#Mumbai- Municipal Corporation adds to woes of Homeless


Published: Saturday, Dec 15, 2012, 2:05 IST
By Dilnaz Boga | Place: Mumbai | Agency: DNA

Diana Joseph, 22, will spend Christmas with her husband Ganesh and two children on the street close to where their 20-year-old home was demolished on October 12.

“Like every year, we will cook daal chawal and cut a cake with the rest of the people who have lost their homes,” said the south Mumbai resident, cuddling her infant in her arms.

The Joseph family, along with 100 other residents, including 25 children, have made the street their home with their belongings stacked up along the street. As if razing their homes was not enough, the civic authorities took all their
belongings on Friday.

The BMC took the action after the high court dismissed a petition by NGO Alternative Realities, that works for the rights of the homeless. The NGO had filed a PIL on October 30 after 15 families in Ballad Estate lost their homes in a demolition by the MbPT.

The residents, who lived on the Mumbai Port Trust (MbPT) land, are mainly daily wage earners and domestic help employed in the same vicinity.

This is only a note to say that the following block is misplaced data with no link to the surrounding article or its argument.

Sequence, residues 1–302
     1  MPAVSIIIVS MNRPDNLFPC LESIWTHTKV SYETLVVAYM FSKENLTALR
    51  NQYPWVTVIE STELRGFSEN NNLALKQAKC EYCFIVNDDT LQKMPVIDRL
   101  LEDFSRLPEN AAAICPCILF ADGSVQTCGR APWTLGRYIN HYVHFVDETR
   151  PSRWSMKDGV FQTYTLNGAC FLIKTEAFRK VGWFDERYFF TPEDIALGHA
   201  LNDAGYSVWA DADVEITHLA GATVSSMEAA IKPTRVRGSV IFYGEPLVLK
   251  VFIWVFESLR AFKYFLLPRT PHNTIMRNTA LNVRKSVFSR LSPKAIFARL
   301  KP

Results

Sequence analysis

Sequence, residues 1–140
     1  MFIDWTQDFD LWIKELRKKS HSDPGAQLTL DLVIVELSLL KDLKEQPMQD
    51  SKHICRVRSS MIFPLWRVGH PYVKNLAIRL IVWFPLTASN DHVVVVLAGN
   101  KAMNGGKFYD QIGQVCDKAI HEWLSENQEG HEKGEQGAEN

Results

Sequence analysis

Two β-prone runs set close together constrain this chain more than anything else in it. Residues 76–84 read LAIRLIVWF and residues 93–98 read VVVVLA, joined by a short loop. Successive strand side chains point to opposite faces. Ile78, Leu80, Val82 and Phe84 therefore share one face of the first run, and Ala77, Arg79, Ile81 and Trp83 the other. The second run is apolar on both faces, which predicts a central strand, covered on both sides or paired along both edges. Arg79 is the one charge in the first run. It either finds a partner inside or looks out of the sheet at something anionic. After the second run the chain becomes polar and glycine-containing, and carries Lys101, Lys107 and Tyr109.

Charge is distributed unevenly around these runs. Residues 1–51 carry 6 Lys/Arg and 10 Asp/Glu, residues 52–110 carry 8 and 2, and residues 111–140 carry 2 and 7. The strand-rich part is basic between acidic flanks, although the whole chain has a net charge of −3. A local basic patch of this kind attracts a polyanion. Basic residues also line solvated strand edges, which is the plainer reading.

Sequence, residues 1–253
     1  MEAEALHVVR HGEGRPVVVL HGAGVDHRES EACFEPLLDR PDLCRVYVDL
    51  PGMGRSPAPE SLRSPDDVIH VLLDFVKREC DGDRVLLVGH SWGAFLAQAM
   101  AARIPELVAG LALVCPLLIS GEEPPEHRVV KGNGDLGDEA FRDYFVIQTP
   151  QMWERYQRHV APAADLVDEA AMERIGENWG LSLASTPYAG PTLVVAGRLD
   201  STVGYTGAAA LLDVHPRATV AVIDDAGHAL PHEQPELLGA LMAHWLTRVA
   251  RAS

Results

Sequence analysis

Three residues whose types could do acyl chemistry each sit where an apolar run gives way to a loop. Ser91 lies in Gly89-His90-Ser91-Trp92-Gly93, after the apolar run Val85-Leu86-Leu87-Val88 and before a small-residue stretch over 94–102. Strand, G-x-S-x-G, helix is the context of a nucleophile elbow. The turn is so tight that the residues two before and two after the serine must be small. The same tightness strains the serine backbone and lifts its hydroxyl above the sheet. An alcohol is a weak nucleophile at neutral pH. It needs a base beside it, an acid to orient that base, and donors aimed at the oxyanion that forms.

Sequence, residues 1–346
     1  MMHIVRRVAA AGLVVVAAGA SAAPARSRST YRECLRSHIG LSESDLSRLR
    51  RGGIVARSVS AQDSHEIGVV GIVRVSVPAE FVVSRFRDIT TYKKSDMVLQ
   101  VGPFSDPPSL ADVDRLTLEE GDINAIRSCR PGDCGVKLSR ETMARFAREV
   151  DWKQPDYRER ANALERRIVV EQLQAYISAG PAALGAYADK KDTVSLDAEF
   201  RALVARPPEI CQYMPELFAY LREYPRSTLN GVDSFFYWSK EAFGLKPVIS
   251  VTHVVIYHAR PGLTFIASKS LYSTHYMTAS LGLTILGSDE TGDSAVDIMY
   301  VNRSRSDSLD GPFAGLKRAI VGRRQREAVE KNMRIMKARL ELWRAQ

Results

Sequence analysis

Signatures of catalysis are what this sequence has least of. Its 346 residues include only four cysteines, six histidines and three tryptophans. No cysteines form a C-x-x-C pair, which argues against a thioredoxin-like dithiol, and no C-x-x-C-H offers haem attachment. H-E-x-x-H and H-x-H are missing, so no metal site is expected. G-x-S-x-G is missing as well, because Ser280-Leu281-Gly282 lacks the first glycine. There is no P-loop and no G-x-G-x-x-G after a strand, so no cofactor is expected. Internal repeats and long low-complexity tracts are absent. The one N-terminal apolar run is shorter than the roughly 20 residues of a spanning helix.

The residents claimed that the MbPT had not issued notices as per rules and that they had proof of residence as most of them had been born there.

Masleen Dave, 38, was in tears and was unable to get to her job as house help. Lamenting the loss of all her belongings, she clinged to the only thing she could salvage – her handbag. “We lost everything we had. The BMC said they will not let us stay here at night. Where do we go?”

Four-year-old Angela Pushpa Raj Velangani, who suffered from food poisoning and had to be rushed to hospital after her home was demolished, missed school along with other children on Friday.

Arun Gowandkar, 29, a labourer, said he was going to the A Ward office to get their belongings released. “They’ve asked us to pay money to get our things back,” he added.